">

Emmure

Look At Yourself

Written by: MAK on 23/06/2017 14:53:30

Chug-core act Emmure is the Marmite of the metalcore and deathcore world — they divide opinions so strongly that even most of the crew at this webzine cannot agree on them. You either like them or you hate them, with a lot of the negativity stemming from the usual, never-ending, unimaginative blasts of chugging that have spawned countless memes, or from the overtly misogynistic attitude of main-man Frankie Palmeri. Things haven’t exactly been smooth for Emmure over the last couple of years either, as every original band member except Palmeri has left the band, forcing the vocalist to bring in ex-members of Glass Cloud and Tony Danza Tapdance Extravaganza to fill the gaps. If that wasn’t enough of a change, Emmure also departed their long-term label, Victory Records, after releasing six albums with them over the last decade. Now with Sharptone Records, associated with Nuclear Blast behind the scenes, Emmure face a new chapter as a band with a fresh start on their most recent album “Look at Yourself”.

The real question is, how much has this changed the music within Emmure? Honestly, not a great deal at all. The core sound of the machine-like, industrial deathcore that you’d associate them with is a strong remaining component, along with Palmeri’s combination of savage shrieks and monstrous roars. It’s the same senseless, pit-starting brutality that we have all come to expect from Emmure: deathcore with some beat to it. What feels new are the subtle influences that have always existed in smaller doses are now being pushed a little more to the forefront — especially the Korn-esque nu-metal side of things as a whole. “Shinjuku Masterlord”, for one, is a bouncy yet eerie-sounding track which sees Palmeri showing off his rapping technique as if he were Jonathan Davis. “Ice Man Confession” also takes us on a trip to the late ‘90s with its Deftones-influenced, shoegaze-style alt-metal and whispering clean vocals in the verse. Tracks such as “Russian Hotel Aftermath” and “Torch” on the other hand take a massively atmospheric approach behind the dominating deathcore vibes, with huge walls of sound guitar whines and synths lingering in the background of chuggy riffs and machine-gunning double-pedal beats. These are some ear-pricking differences from the very basic Emmure sound, yet songs like “Call Me Ninib” and “Natural Born Killer” do also throw in the traditional noise of hardcore grooves on top of breakdowns, delivered with the furious attitude that most of us were introduced to with this band.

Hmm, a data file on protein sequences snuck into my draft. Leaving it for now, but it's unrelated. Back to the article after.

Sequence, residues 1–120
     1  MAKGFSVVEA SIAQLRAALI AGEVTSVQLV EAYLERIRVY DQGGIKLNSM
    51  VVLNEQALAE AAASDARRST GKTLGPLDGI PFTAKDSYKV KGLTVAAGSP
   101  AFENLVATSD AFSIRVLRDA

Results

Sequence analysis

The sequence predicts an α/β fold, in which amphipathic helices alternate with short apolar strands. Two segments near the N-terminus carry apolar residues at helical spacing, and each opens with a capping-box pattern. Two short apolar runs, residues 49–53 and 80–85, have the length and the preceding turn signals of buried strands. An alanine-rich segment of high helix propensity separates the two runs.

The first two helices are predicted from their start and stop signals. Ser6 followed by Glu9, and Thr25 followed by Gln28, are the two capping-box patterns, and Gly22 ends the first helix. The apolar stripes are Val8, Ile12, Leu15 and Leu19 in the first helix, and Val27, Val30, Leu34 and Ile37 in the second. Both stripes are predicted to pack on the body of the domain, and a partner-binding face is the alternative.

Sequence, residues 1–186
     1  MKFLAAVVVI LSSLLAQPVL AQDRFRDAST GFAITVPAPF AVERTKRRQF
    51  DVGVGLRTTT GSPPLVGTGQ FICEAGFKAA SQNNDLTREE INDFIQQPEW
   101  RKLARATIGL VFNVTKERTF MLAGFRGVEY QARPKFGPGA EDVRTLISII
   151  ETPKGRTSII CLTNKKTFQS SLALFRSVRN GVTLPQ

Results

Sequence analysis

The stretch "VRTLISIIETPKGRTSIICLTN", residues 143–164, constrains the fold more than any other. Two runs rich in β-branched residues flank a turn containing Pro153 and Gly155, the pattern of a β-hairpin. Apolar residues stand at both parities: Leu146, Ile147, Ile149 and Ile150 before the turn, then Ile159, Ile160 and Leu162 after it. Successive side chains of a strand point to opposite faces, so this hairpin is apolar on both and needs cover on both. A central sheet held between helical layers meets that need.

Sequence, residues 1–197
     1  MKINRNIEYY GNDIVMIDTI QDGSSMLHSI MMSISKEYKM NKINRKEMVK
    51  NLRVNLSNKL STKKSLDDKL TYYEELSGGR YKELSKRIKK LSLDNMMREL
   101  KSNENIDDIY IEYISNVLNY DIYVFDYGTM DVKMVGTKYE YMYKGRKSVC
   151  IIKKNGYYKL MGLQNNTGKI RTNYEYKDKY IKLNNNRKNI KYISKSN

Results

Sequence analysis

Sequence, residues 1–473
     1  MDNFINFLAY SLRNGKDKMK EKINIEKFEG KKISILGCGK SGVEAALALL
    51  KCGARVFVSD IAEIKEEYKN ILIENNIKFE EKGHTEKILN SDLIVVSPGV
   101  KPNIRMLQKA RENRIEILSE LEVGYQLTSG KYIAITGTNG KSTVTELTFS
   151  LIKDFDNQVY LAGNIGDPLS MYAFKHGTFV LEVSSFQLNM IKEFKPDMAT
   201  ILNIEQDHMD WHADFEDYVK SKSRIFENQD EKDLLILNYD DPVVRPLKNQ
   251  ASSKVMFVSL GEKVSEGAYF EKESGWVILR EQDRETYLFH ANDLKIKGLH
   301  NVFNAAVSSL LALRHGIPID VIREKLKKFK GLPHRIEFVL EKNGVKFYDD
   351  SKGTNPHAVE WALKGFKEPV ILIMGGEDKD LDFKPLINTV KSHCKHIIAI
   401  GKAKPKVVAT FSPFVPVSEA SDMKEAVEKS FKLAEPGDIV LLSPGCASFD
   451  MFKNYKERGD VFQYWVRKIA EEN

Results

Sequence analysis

What this album lacks is an anthem. There isn’t an “R2 Deepthroat” or “Solar Flare Homicide” that stands out above the rest. Apart from the attention-grabbing quips of nu-metal influences, a lot of this album blends into one and is just a strong reminder of the Emmure of old. People will still make the jokes of comparing the guitar tabs to binary code. I was hoping for something fresher, considering all the background changes leading up to the album but I can’t fault the band’s delivery of pure savagery and brutality; they do know how to unleash all kinds of hell. If nothing else, you can always count on Emmure to write songs designed to incite pit carnage.

Download: Shinjuku Masterlord, Call Me Ninib, Ice Man Confessions
For the fans of: The Acacia Strain, Bury Your Dead, King Conquer
Listen: facebook.com

Release date 03.03.2017
Sharptone Records

Related Items | How we score?
Comments
comments powered by Disqus

Legal

© Copyright MMXVII Rockfreaks.net.